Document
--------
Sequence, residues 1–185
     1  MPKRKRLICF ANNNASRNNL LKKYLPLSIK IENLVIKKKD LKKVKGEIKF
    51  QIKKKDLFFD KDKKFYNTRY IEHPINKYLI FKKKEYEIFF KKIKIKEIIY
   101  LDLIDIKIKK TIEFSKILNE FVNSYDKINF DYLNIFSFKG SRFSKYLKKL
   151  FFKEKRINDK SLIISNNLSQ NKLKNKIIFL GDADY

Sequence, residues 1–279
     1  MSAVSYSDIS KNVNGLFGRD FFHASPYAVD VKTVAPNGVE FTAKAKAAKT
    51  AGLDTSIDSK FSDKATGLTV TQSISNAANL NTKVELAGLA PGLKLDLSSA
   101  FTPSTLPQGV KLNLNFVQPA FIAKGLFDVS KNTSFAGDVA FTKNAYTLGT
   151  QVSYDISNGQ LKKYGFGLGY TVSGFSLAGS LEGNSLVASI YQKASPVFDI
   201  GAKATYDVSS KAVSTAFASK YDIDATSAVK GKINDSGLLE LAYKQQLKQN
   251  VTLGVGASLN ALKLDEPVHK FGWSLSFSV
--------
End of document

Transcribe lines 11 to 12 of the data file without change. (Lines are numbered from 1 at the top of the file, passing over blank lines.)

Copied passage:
   201  GAKATYDVSS KAVSTAFASK YDIDATSAVK GKINDSGLLE LAYKQQLKQN
   251  VTLGVGASLN ALKLDEPVHK FGWSLSFSV